UK’s scientific adviser orders people to go back to work, says people “will get the virus” no matter what
04/10/2020 // Franz Walker // Views

A scientific adviser to the U.K. government intensified the row over Britain's coronavirus lockdown by saying that people should go back to work despite the pandemic. As part of this, the adviser stated that the country couldn't keep hiding from the coronavirus.

Rupert Shute, the deputy scientific adviser at the Home Office, made the statements while on a conference call with Passport Office officials, urging them to return to work. He said that while staying home was important, people also needed to “keep functioning our lives.”

“You are no more at risk at the workplace as you would be in your home or at the supermarket,” stated Schute. “It is about minimizing it. We are working on the assessment that 80 percent of us if we haven’t already, will get the virus. We cannot hide away from it forever.”

Schute blasted for “cavalier approach” to the coronavirus

The Public and Commercial Services union, which represents passport workers, has called out Schute and the Passport Office's move to send its workers back to the office.

“The cavalier approach to our members’ health and safety is shameful and ultimately puts them in greater danger of contracting COVID-19,” stated Mark Serwotka, the union's general secretary. “We have already had members die as a result of contracting coronavirus, and pressured civil service managers in other departments to shut offices so staff can work from home.”

“For the deputy chief scientific adviser at the Home Office to suggest that going into work does not put you at greater risk of contracting corona is extremely irresponsible and totally contradicts current government guidance. Processing passports is not critical work while we are in lockdown and international travel is practically non-existent due to the corona pandemic,” he added.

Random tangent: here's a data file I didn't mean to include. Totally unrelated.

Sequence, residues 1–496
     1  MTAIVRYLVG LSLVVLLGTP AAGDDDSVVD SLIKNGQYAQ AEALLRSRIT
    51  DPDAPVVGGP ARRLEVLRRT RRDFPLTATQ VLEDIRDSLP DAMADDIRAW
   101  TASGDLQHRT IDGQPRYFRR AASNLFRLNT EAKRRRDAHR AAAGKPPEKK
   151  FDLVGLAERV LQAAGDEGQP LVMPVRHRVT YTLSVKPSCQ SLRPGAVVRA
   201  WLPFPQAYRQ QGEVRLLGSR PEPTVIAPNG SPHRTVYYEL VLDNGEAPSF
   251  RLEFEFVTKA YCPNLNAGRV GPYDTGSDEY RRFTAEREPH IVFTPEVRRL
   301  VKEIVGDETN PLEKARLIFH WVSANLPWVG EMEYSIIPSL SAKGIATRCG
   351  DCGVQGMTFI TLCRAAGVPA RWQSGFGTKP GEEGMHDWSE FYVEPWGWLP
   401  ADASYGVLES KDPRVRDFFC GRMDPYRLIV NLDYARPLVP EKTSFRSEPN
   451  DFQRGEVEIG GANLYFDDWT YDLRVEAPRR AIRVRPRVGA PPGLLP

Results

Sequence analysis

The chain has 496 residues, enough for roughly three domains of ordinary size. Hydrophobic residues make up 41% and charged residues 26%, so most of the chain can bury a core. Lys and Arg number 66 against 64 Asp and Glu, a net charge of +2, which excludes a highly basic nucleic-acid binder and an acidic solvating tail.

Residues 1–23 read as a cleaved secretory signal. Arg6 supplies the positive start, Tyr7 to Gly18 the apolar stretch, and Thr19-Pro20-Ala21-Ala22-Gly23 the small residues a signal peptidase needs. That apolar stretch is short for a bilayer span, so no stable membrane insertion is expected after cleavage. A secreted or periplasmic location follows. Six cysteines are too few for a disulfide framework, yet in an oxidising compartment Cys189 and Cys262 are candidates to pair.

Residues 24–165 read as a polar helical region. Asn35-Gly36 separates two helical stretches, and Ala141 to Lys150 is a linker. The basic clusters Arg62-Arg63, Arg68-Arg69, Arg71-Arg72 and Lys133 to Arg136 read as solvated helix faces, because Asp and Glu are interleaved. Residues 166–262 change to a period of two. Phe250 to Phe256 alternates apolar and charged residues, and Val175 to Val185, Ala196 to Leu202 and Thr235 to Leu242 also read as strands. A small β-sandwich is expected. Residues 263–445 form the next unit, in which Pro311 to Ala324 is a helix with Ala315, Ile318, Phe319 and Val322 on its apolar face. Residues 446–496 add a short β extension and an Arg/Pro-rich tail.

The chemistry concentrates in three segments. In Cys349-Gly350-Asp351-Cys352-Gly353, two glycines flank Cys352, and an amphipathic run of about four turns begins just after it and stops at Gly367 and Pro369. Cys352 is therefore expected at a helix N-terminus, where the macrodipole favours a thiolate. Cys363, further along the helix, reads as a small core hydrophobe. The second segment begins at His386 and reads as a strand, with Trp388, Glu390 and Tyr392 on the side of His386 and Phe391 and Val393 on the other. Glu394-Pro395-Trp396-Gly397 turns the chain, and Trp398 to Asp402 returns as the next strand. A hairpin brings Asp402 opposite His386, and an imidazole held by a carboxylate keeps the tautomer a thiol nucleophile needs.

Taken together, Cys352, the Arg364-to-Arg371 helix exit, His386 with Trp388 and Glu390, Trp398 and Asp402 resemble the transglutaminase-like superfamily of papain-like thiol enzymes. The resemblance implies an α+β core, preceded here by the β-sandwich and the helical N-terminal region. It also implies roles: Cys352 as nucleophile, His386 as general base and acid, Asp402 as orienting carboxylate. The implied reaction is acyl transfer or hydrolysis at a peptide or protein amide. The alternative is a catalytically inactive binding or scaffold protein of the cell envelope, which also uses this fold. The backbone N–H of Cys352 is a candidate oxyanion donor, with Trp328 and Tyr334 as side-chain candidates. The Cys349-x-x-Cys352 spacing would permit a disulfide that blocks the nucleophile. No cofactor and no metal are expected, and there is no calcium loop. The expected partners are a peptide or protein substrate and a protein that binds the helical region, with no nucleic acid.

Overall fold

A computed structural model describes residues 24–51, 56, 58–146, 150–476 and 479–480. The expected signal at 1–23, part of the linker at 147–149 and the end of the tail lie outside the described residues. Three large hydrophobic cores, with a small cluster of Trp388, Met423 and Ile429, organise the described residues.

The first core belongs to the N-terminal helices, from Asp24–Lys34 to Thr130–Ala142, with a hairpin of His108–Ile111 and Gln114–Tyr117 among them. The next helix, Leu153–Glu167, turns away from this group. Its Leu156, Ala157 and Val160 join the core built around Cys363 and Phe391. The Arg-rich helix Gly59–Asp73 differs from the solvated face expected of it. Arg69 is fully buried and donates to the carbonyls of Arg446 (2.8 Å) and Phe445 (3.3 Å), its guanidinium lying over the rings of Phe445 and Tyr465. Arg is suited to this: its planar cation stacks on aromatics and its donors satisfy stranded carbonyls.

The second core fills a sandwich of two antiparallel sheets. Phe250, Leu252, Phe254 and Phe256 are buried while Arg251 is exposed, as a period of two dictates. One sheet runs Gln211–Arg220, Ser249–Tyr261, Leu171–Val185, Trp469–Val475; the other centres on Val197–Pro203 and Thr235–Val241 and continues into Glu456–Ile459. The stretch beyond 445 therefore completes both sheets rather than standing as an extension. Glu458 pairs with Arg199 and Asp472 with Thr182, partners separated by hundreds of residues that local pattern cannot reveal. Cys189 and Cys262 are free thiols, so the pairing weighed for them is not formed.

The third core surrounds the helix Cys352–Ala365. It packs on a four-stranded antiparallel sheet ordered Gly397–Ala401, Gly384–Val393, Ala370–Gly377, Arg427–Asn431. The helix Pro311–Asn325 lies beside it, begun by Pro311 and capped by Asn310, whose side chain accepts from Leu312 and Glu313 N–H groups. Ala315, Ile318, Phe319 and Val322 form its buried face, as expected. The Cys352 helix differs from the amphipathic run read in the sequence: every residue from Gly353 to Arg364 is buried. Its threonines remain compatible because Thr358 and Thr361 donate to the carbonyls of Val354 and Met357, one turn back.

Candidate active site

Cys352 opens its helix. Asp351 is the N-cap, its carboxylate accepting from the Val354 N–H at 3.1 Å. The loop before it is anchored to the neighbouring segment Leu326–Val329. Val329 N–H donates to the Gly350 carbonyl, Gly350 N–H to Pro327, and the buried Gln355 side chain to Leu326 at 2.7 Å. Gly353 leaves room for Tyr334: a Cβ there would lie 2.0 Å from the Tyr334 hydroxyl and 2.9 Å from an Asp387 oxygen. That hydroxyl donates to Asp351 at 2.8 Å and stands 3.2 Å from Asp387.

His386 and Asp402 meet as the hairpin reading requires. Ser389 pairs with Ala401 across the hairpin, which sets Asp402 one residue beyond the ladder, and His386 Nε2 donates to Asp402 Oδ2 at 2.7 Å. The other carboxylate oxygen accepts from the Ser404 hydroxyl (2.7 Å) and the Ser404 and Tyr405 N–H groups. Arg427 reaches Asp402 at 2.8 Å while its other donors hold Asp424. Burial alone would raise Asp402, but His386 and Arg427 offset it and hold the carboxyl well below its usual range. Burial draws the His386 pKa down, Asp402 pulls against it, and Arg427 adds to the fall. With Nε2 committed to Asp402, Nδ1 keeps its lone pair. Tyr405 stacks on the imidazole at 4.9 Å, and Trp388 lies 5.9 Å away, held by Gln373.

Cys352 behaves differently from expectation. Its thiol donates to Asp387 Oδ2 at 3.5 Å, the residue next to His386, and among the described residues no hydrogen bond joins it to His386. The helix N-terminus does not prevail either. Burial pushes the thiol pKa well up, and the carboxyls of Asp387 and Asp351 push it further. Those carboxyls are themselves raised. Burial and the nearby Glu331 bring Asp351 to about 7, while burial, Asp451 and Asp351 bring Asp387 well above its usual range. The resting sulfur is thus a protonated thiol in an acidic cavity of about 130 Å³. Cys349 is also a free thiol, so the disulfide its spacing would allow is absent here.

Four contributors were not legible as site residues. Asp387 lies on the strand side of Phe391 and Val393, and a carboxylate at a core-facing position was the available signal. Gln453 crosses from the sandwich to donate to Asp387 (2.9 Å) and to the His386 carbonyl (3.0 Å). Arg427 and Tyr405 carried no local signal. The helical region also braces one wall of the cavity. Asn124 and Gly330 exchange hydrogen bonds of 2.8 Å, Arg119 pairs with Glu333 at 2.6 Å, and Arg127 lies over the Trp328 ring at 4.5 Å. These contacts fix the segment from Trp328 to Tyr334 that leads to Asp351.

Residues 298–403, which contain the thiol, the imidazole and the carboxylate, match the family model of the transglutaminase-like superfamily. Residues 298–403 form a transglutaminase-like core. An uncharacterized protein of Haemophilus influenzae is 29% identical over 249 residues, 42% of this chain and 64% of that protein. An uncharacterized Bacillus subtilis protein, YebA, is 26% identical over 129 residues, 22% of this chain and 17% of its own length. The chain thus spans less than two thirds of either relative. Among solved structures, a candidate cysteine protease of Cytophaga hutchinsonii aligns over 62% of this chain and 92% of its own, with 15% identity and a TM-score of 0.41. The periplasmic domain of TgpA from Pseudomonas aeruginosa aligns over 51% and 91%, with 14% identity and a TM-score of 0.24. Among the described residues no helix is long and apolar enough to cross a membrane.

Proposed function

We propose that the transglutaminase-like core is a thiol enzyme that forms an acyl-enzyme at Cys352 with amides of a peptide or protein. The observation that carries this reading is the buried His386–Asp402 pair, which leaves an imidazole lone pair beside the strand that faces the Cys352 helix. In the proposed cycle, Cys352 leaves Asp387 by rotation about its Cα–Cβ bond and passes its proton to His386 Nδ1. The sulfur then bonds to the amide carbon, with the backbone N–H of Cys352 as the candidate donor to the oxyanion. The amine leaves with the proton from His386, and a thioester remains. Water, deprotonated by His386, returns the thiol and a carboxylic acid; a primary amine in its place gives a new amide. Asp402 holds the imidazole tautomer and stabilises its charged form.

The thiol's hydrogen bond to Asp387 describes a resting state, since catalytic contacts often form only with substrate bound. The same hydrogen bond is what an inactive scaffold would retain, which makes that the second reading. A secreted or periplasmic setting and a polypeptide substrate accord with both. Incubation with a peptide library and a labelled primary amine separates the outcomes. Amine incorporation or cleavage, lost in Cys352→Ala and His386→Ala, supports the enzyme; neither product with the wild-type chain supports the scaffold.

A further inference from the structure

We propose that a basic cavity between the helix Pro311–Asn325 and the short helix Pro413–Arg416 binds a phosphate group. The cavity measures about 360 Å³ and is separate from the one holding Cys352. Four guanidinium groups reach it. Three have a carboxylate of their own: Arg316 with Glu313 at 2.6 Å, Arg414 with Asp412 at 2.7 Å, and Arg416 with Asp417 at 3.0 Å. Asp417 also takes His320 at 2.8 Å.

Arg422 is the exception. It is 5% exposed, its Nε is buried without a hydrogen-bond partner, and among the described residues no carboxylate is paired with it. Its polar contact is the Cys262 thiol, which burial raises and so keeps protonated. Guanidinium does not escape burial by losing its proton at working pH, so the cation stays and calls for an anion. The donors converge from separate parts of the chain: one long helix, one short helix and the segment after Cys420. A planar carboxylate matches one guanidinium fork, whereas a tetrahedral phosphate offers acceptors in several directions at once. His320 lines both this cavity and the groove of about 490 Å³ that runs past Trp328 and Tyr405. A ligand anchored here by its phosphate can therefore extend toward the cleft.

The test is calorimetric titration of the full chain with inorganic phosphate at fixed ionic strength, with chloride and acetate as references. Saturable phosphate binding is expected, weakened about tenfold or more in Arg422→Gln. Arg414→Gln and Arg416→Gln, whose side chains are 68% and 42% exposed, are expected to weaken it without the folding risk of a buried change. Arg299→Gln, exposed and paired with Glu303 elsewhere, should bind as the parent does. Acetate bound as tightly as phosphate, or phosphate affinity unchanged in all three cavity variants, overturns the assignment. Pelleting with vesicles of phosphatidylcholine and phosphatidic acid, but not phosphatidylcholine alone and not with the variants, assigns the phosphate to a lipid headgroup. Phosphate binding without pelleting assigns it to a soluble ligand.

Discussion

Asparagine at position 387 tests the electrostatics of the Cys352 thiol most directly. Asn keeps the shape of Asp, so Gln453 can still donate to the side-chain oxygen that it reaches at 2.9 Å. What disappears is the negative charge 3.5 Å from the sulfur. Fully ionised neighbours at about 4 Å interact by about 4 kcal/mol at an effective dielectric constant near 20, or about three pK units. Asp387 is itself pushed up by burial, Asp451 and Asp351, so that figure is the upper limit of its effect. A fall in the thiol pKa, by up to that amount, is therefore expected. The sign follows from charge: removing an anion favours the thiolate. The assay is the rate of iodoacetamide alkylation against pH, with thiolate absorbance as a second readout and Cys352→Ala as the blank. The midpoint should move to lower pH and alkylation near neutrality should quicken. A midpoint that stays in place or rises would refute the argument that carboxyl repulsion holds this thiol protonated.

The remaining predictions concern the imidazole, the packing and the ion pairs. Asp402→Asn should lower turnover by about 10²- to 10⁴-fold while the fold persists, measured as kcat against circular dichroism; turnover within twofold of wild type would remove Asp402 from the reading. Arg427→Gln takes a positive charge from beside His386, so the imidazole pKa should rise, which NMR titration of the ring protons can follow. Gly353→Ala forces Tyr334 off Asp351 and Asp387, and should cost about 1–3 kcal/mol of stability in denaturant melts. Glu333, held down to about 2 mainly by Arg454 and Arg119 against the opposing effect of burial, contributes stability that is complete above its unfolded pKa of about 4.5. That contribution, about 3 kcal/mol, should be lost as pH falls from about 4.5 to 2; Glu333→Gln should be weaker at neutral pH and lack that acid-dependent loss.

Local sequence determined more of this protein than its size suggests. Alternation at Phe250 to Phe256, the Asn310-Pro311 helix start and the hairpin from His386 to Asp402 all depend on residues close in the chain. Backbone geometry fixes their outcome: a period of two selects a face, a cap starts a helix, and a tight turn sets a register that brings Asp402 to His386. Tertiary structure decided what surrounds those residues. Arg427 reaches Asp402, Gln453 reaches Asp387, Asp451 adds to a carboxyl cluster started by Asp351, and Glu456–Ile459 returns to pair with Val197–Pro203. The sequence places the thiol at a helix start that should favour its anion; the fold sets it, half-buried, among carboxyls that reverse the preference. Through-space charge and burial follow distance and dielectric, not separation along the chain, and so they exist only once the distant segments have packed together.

The office of the Prime Minister sent out a response supporting the Passport Office, stating that the latter was “adhering to public health advice.” However, it appeared to contradict the view of its deputy scientific adviser Schute.

“The government’s focus is on stopping the spread of the disease to protect the health service,” stated the Prime Minister's official spokesperson. “I think you’ve heard on a daily basis from the chief scientific and medical officers they have been very, very clear on the need for people to stay at home, protect the NHS and save lives.”

The contradictions between this and Schute's comments look to be another indicator of the row within the British government on whether it should have followed a “herd immunity” strategy.

Fighting over whether the U.K. should promote “herd immunity”

Back in March, the U.K. government initially presented a “herd immunity” plan to address the coronavirus. The plan, as explained by government's chief scientific adviser Patrick Vallance to BBC Radio 4, was to build this “herd immunity” by allowing up to 60 percent of the population -- mostly young people who were more likely to recover from the disease -- to catch the virus and develop immunity from it. The idea is that this would prevent the virus from spreading to the rest of the population.

However, the U.K. backed away from this idea after it received backlash from the British public. A few days following Vallance's announcement, Matt Hancock, the U.K.'s secretary of state for health and social care, said that achieving “herd immunity” was not a stated policy. Prime Minister Boris Johnson has since issued a stay-at-home order that has imposed the most stringent restrictions on the British people since the Second World War. Johnson has since been incapacitated by the coronavirus. (Related: Because the lockdowns are saving lives, ignorant "experts" claim the coronavirus is a hoax.)

On Thursday, Foreign Secretary Dominic Raab stated that the lockdown measures would be rolled over next week. Raab said that it was “too early” to lift them, but that scientists and ministers hoped to have enough information by the end of next week to assess how long the lockdowns needs to last.

“It’s been almost three weeks and we’re starting to see the impact of the sacrifices we’ve all made,” said Raab. “But the deaths are still rising and we haven’t yet reached the peak of the virus. So it’s still too early to lift the measures that we put in place. We must stick to the plan and we must continue to be guided by the science.”

Despite Raab's statement, however, the statements of Schute in regards to the Passport Office's workers show that not everyone is on board with that.

Sources include:

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